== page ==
Purpose: To determine the most valuable comorbidity index to apply in a clinical context and its prospective association with 1-year mortality and 3-month readmission. The authors also intend to gauge the evolution of older patients' admission profile over 13 years, in the same clinical setting.
Subjects/materials and methods: The authors analyzed data from 100 consecutive patients admitted in 2012. The Charlson Comorbidity Index (CCI), the Cumulative Illness Rating Scale for Geriatrics (CIRS-G) and the Medication-Based Disease Burden Index (MDBI) were used to evaluate comorbidity. Length of stay, number of diagnoses and of medications, readmission and mortality were assessed. A p value <0.05 was considered significant.
Results: Mean age was 80.6 years, mean length of stay was 8.8 days, and mean number of diagnosis per patient was 7.9. Mean values of score were of 3.6 for the CCI, 11.3 for the CIRS-G and 0.552 for the MDBI. Three-month readmission and 1-year mortality rates related to higher CCI and CIRS-G scores. No association was found between MDBI and the outcomes evaluated. One-year mortality reached 24 % and 3-month readmission was of 43 %. Comparing the two samples, mean age increased in 2.1 years and the number of diagnosis by 2.2. Length of stay decreased 2 days.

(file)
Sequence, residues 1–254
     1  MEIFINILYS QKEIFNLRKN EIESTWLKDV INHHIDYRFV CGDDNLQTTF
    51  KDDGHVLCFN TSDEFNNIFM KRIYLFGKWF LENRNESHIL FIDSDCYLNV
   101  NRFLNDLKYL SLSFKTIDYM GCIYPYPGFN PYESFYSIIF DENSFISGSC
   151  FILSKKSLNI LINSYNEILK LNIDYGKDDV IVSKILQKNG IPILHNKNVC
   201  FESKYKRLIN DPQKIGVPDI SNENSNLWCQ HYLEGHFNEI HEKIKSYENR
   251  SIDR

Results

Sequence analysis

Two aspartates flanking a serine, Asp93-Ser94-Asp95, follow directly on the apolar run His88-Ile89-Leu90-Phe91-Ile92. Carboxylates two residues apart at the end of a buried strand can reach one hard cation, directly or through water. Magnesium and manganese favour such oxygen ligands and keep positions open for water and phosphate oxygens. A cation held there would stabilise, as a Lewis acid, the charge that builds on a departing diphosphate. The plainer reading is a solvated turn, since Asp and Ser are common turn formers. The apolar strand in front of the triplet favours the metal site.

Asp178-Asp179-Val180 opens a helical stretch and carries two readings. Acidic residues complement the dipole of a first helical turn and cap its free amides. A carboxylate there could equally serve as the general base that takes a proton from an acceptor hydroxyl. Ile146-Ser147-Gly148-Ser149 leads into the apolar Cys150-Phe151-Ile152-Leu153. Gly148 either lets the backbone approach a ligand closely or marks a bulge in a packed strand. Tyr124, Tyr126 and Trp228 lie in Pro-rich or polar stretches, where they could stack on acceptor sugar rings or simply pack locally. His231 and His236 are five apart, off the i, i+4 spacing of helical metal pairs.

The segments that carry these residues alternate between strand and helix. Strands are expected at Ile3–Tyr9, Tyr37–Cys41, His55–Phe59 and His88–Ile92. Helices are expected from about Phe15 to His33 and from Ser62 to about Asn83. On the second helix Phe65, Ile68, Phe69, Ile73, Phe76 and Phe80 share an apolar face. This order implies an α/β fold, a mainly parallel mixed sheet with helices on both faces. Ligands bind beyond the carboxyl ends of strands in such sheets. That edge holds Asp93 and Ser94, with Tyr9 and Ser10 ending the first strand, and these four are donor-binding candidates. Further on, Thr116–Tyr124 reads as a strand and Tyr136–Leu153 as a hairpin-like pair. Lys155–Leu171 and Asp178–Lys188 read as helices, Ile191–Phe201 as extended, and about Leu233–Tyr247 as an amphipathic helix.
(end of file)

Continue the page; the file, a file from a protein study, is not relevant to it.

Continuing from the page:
Discussion and conclusion: CCI was easier to use but the CIRS-G was better at evaluating comorbidity. MDBI did not seem to be a trustworthy tool. Despite an older population with high comorbidity, length of stay decreased over 13 years. However, readmission was high. Introduction of geriatric care standards is required to improve health outcomes for older patients.